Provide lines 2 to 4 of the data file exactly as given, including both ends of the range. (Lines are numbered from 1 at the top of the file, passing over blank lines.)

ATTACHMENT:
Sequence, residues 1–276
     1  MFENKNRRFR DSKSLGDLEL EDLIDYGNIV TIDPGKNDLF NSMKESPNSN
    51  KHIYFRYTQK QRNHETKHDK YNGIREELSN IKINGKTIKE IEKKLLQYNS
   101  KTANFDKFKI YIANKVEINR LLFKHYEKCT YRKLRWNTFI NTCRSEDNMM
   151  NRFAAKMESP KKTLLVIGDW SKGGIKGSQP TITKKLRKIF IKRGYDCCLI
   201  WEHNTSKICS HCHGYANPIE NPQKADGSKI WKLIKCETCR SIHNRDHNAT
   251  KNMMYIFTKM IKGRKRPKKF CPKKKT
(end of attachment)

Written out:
     1  MFENKNRRFR DSKSLGDLEL EDLIDYGNIV TIDPGKNDLF NSMKESPNSN
    51  KHIYFRYTQK QRNHETKHDK YNGIREELSN IKINGKTIKE IEKKLLQYNS
   101  KTANFDKFKI YIANKVEINR LLFKHYEKCT YRKLRWNTFI NTCRSEDNMM